“I didn’t touch the crystal,” Kachen says.
Nor did she, at least not physically. Ooooh. She is starting to form another hypothesis. “You mean magically?” He nods. “I’m not sure if I did.”
“Well, I can try again…”
“After breakfast!” Tric cuts in, bowls of food in hand.
Kachen turns to him. “Or you can.” He holds the staff out to Tric.
Tric is not as interested in this artifact as his companions are; it just does not look like a good prop to him. However, he hands off the two breakfasts and accepts the implement. He exerts no effort to activate any magic. Instead, he tests the balance and then takes a two-handed grip at the middle of the staff. His act opens with simple twirls. Then he whips it around behind him and up into the air, intending to catch the spinning staff with a final flourish. As his eyes track its movement, they settle on the slight glow from the crystal. Maybe that could make a cool sparkle effect. His concentration lingers there for just a moment too long, and a vortex of snow suddenly swirls around him. Although it startles him, he manages to catch the staff, but his foot hits a patch of new snow on the lunge, and he ends up on the ground, just like Heppa did. “Well, so much for spellcraft,” he concludes as he sits up.
The other two sit alongside him, and they all begin breakfast. Heppa continues asking questions though. Kachen is a real, live example of a human doing magic, something completely new in her experience. “Can you cast the fire missile without the staff?” she asks.
“Yes,” he acknowledges, “but it is more powerful with it.” Hepalonia tells him that she cannot create the snow squall on her own. Tric ribs her a little, insisting that she is a sorceress. Kachen turns to him. “But you were also able to make the snow squall,” he observes. Heppa teases her cousin right back. “Do you have any training?” Kachen inquires.
“Well, I’ve already mastered the dowsing rod, which Heppa mentioned having used, so maybe it was some interdisciplinary skill derived from knowing how to use that.”
That explanation makes very little sense to Kachen, but he does not press the point. Tric is no elvish sorcerer, but he keeps fabricating lies. This duplicitous response seems related to concealing something about Tric’s relationship with magic. Is it embarrassing in elvish society to not be able to do magic? Or is there some aspect of magic he has studied that he doesn’t want people to know about? Kachen wonders. He files this information away for later. More and more, he is feeling a certain kinship with this prattling performer. And Hepalonia’s open willingness to experiment has been refreshing.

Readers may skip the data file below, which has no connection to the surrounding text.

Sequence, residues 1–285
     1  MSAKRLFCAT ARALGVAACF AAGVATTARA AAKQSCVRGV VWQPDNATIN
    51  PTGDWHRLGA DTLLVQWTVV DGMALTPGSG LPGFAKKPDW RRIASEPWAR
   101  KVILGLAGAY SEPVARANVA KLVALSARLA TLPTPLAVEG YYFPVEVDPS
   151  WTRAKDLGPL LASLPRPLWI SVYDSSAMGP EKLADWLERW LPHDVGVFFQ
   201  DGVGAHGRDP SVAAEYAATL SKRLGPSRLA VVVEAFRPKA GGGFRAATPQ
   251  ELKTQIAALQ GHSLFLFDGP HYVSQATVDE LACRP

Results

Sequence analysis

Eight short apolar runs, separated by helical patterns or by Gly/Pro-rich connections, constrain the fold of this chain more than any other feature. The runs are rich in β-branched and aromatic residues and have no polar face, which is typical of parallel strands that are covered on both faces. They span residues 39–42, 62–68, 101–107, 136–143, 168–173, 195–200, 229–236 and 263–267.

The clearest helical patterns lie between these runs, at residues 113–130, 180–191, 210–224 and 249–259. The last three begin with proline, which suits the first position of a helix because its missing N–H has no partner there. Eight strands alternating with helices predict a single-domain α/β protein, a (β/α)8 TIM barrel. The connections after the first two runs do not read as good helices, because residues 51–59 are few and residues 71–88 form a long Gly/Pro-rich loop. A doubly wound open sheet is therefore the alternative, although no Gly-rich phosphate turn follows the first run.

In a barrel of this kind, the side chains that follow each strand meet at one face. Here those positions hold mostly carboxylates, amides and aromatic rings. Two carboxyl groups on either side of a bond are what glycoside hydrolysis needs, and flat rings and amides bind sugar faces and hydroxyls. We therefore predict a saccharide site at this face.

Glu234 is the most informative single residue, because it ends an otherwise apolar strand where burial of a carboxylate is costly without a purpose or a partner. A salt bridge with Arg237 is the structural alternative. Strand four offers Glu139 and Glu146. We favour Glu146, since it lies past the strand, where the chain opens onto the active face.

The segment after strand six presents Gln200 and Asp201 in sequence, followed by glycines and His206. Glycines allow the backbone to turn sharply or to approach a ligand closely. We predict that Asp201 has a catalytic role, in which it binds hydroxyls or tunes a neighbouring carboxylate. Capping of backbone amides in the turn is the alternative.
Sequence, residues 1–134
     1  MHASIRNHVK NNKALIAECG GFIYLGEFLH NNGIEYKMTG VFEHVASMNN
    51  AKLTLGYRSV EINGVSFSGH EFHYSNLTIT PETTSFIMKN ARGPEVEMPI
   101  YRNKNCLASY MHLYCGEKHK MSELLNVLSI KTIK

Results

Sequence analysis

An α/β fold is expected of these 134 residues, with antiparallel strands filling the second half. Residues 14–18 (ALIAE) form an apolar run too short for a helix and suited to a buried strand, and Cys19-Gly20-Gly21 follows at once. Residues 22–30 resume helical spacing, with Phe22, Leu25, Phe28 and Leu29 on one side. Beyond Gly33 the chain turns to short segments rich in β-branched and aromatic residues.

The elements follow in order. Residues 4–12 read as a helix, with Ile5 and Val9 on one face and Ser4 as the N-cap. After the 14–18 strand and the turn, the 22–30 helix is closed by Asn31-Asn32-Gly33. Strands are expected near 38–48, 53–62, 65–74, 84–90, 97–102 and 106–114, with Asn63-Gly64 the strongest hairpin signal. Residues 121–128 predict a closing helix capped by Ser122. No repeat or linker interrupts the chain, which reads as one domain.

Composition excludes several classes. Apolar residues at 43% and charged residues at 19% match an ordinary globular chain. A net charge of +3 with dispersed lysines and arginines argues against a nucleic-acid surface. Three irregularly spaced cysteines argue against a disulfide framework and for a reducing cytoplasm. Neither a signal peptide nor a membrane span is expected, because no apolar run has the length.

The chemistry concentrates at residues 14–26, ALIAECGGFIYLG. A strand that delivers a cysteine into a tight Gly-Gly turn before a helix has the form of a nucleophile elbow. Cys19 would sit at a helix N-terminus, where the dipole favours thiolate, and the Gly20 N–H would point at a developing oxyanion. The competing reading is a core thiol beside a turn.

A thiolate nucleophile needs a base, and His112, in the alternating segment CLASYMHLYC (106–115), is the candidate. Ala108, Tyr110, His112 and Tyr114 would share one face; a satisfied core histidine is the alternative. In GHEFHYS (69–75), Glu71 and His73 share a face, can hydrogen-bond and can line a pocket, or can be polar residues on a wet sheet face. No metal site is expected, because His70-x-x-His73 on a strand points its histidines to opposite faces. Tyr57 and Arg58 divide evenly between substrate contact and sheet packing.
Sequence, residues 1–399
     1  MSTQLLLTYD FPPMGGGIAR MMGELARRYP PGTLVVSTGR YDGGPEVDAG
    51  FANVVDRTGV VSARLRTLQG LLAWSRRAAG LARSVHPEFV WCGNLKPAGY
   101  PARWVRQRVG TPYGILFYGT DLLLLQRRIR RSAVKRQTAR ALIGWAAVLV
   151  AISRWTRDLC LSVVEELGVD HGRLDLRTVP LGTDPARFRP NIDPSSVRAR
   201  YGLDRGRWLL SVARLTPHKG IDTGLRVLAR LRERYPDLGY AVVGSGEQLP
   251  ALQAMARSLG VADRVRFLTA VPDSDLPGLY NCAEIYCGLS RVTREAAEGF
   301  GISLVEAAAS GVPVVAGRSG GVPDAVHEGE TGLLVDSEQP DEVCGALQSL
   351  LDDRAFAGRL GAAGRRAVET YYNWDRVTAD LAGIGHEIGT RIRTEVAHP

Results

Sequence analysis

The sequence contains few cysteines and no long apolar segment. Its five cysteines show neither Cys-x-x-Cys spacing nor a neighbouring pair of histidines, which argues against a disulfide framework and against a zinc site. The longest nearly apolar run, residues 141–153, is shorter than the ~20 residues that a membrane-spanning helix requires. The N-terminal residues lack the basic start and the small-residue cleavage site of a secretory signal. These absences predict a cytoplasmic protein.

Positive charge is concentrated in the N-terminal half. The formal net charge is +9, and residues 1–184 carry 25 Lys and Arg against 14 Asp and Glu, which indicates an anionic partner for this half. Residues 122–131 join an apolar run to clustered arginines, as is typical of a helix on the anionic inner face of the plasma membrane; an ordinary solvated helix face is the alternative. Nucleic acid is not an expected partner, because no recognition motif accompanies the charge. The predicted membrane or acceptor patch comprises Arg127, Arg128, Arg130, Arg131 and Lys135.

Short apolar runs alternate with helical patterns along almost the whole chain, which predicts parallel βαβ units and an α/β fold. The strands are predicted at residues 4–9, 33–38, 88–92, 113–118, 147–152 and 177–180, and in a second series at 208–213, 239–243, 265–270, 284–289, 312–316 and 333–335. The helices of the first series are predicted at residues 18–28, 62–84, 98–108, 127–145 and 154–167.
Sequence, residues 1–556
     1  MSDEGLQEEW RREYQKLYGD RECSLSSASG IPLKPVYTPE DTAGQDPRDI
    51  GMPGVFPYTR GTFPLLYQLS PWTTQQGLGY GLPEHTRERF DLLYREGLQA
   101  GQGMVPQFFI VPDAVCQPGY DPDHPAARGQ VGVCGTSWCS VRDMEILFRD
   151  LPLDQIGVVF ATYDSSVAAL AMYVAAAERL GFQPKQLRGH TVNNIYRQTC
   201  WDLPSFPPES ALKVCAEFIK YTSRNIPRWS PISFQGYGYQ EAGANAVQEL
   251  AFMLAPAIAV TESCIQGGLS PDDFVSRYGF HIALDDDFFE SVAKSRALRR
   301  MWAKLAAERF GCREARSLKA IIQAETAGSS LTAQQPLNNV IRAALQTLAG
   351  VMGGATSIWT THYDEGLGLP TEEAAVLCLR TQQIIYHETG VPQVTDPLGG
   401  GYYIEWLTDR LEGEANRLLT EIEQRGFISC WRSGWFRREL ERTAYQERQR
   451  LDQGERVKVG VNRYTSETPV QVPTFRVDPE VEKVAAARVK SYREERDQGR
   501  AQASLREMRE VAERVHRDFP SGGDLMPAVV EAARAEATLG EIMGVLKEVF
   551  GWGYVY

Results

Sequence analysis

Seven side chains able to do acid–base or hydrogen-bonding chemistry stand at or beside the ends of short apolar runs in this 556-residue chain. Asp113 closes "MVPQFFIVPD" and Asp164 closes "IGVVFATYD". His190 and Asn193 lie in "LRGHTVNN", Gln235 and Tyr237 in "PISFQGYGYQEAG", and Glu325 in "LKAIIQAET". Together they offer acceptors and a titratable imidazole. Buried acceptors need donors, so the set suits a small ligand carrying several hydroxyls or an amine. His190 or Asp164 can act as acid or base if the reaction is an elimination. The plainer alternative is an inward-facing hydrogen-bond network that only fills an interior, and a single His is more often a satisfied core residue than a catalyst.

Tric remains in good spirits. “That did more than I expected, but I’ll leave the artificing to you two.”
Heppa gets excited again by the prospect of conducting experiments with the dowsing rod, which Kachen admits to never having studied. Tric begins spouting on about how dowsing is a mystical art rather than a magical one. He pauses when Heppa wonders aloud if it only works with elvish magic. Suddenly, Tric has a potential excuse other than his own lack of effort. Maybe it is only passed down matrilineally… He is not sure his father would buy that. Yeah, Pop, it’s your own fault!
Kachen does look over the dowsing rod after breakfast, but he is unable to do anything with it. Tric assures him it takes years, even decades, to learn the dowsing rod and theorizes that is the reason why it is more an elvish art than a human one. Humans just do not have the time. Heppa keeps quiet about how quickly she was able to use it.
“So, was this what you were looking for?” she asks Kachen, indicating the artifact. “I’m not sure if this is actually a necromantic control crystal, which I believe is what my father is trying to study.”
“I feel that if I had a necromantic control crystal, it would belong in a staff like that,” Tric comments. That skull is creepy, and there are far too many tusks for that size. “On the other hand, that would be a great place to hide something else, maybe?”
Heppa mulls over the sensations she felt during the snow vortex. Kachen voices a question about the elves’ source on the very existence of necromantic control crystals. “This is clearly a powerful magical artifact, but why does that mean it has to control undead?”
“Daddy thought so. He has theories. And one of those is that maybe the crystal can be used for different things, for more than just raising an undead army quickly. It’s all theoretical right now, though. However, you said you sensed great power from it, so I do wonder if we should consider waiting before we break it.”
Kachen sits up straight. “No no no no no! We should not break this thing.” She suggests separating the components from each other. Kachen agrees to that, putting forth that she take charge of the crystal and he take the staff. Heppa concurs.
With that, Hepalonia considers the experimenting to be done for the day. The artifact could use a rest, and frankly, so could Kachen. She may be pushing him a little too hard so soon after a grave injury. She removes the skull and pops the crystal out of the socket at the top of the staff before handing that to him. “Do we need to find more? Maybe we should keep looking,” she says.
“There is that other battlefield we’re going to check out,” Tric reminds them.
Heppa looks at her crystal, already formulating experiments in her mind. “This may be what I was looking for,” she says. “I don’t know if it is what you were looking for, though.” Kachen, who she finds she is thinking of as ‘the human’ less and less often, has not been terribly specific about what he is pursuing.
Kachen holds the staff across his lap, looking down at it. “It’s a start.”